The second item is definitely a match box lable, not a cinderella.
The first one (part of a sheet) is really a trade union stamp - it's a monthly membership fee stamp with a pay stub under it.
You (or your Google tramnslator) are quite right about the translation of the upper word in capital letters - "All-Union Central Council of Trade Unions"
But I see nothing that might be translated as "Professional risk"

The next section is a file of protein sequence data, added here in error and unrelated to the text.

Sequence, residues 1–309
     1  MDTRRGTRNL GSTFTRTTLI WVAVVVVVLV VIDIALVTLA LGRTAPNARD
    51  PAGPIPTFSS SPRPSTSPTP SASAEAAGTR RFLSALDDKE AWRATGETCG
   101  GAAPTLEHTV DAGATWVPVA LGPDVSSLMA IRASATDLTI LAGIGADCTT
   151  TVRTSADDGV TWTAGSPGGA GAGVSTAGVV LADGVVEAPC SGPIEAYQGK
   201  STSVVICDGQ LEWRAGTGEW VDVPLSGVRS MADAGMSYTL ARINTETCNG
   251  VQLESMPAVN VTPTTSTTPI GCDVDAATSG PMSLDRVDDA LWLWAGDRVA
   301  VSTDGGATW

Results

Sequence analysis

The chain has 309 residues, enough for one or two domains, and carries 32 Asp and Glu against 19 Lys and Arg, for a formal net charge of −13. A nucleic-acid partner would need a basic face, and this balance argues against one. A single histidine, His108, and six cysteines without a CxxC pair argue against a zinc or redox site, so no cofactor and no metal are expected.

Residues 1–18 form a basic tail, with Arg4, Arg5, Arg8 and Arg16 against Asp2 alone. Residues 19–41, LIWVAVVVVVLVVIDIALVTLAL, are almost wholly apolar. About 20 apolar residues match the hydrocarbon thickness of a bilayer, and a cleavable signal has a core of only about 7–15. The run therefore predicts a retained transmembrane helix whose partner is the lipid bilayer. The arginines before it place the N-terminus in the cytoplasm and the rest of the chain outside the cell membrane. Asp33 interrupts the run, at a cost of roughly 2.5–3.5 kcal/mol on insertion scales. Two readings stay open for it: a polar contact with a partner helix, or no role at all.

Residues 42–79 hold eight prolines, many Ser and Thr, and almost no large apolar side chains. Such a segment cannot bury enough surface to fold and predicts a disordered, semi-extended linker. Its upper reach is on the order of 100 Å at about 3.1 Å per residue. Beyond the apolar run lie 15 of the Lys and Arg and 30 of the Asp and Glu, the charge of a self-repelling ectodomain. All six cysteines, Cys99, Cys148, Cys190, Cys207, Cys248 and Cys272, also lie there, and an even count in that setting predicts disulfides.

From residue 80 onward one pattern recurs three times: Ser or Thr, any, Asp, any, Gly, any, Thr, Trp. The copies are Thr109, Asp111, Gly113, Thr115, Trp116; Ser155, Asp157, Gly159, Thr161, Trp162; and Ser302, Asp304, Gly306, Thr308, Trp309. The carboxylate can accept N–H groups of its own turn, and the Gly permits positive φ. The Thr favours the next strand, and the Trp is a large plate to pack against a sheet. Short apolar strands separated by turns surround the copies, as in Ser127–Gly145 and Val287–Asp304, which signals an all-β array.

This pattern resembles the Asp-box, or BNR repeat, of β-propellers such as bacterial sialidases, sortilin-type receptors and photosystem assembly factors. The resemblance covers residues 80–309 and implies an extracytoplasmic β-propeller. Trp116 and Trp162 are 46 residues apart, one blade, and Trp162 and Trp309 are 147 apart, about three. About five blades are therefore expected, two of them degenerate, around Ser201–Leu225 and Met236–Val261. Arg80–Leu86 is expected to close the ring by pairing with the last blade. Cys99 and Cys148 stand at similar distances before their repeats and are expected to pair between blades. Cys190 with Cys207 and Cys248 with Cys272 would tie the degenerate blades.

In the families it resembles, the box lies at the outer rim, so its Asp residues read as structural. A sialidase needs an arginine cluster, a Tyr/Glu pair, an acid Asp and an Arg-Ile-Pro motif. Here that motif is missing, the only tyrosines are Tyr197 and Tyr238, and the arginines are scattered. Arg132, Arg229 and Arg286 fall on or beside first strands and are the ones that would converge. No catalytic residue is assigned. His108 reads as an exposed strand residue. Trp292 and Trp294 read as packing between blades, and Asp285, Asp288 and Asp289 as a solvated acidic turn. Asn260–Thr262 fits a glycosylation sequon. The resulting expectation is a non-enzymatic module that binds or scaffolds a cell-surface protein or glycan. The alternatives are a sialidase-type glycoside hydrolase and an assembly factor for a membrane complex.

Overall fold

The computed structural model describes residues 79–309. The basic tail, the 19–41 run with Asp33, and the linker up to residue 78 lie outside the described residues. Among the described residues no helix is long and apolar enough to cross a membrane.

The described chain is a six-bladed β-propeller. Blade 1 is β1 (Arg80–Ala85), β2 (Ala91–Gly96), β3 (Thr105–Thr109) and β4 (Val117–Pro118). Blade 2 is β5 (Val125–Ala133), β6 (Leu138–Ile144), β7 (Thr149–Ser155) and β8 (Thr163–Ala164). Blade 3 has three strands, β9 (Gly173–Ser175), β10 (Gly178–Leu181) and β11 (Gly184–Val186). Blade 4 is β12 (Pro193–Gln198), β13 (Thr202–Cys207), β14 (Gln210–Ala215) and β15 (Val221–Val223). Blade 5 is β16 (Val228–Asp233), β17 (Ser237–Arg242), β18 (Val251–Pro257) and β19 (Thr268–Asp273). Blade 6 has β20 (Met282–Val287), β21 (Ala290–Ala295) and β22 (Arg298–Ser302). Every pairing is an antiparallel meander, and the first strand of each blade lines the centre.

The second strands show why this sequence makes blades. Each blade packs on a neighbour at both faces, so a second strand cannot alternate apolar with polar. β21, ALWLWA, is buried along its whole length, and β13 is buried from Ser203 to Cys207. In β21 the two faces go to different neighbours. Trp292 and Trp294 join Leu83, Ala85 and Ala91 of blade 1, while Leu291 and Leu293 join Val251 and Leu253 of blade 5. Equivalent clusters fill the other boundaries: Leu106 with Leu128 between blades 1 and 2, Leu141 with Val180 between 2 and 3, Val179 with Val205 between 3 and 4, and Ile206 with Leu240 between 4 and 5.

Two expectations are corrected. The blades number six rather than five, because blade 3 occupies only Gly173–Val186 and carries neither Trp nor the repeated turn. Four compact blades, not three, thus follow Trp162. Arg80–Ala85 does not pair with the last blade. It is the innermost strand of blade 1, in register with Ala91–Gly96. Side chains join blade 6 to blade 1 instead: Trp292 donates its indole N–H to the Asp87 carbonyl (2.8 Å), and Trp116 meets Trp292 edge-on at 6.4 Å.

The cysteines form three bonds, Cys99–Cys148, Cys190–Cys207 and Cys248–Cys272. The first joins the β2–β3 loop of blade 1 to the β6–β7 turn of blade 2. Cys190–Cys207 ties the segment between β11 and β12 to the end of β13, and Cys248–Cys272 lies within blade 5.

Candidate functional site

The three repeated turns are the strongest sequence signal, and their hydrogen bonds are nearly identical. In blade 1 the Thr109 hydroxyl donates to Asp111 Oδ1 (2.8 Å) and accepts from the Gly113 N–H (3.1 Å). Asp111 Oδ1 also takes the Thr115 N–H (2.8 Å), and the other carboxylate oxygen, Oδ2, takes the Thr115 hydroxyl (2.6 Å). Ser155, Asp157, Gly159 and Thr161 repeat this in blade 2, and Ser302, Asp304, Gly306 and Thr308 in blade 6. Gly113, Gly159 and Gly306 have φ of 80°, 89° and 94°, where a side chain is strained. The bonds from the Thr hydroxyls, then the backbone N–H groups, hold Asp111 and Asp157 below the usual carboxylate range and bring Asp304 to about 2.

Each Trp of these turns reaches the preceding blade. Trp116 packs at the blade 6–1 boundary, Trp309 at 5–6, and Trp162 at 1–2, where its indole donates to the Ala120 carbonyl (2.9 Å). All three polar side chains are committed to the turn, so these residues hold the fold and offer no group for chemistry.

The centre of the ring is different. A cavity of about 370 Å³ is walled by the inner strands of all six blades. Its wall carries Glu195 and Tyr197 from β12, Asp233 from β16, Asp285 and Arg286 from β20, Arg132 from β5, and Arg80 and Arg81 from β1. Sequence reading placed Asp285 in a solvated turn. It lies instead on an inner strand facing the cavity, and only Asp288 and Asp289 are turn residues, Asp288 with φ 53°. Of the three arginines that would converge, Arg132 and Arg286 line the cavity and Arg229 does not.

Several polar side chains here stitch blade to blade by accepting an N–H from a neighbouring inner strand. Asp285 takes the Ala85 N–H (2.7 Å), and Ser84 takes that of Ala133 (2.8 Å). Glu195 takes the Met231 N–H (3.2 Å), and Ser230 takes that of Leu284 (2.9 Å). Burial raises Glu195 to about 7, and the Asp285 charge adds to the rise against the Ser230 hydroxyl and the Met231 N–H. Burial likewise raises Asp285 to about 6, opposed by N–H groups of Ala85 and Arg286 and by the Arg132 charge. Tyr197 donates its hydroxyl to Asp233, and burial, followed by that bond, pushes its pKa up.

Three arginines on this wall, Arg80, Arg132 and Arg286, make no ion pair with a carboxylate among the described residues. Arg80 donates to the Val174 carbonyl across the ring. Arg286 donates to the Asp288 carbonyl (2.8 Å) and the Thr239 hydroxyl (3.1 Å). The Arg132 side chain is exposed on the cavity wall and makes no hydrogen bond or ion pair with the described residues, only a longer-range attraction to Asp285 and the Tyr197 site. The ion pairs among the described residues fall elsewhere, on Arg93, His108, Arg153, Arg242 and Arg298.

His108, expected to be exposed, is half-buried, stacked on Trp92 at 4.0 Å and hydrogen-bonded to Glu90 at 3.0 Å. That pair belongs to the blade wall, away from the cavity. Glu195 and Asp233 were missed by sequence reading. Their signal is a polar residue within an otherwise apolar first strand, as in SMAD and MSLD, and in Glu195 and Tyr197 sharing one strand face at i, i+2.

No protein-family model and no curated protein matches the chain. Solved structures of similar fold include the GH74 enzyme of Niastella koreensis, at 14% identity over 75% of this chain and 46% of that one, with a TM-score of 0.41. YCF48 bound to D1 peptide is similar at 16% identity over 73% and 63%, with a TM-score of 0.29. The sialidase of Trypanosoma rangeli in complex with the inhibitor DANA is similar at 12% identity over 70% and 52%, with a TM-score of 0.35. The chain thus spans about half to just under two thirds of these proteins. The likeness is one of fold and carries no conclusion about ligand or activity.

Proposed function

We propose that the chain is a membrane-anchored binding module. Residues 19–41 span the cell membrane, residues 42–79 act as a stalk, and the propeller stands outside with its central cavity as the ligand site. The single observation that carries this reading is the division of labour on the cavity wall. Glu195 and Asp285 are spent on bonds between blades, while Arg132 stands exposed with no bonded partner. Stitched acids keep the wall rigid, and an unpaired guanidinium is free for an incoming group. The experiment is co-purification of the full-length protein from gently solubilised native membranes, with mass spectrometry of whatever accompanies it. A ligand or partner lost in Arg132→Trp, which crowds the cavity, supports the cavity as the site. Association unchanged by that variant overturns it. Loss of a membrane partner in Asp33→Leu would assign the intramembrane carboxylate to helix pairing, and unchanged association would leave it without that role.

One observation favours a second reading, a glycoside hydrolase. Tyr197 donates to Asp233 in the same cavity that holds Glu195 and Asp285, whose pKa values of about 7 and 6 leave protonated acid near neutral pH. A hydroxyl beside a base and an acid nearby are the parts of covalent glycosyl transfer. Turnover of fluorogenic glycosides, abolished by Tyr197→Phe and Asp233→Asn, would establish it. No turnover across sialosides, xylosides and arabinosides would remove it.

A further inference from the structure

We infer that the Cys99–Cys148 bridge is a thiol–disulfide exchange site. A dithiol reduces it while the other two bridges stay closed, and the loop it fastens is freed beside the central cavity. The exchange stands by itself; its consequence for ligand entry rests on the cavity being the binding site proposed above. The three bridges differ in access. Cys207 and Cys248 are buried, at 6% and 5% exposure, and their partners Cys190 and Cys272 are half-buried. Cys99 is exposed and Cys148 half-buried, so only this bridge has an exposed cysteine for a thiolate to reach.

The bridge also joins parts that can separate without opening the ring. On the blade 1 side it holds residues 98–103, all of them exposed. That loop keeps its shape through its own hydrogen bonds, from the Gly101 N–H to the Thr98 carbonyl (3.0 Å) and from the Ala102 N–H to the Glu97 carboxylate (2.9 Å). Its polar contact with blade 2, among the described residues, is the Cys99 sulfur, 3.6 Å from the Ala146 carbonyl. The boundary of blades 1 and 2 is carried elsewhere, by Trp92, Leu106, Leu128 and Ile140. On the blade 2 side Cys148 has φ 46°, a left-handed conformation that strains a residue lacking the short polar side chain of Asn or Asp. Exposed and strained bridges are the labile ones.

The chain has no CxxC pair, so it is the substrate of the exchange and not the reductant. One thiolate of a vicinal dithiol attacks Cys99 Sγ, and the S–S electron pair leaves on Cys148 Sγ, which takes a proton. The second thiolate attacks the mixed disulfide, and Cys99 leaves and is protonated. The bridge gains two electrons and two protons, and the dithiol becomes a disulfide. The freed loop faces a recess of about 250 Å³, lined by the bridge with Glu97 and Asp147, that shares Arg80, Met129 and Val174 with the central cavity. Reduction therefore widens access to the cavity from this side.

The two words above the hammer and the sickle read "Unified trade union stamp", the ones below - "membership fee / 1 r(uble) 50 k(opecks)
The text in the stub reads "Trade Union pay stub / 1 r 50 k"
This stamp must be from the 1960s
When the fee was paid (every month), the upper stamp was glued in the worker's Trade Unions personal membership card#1073; while the other part (pay stub) was glued onto his/her registration card in the office, for control purposes. These stamps went out of use in the 1970s, as far as I know.
This stamp was used all around the USSR.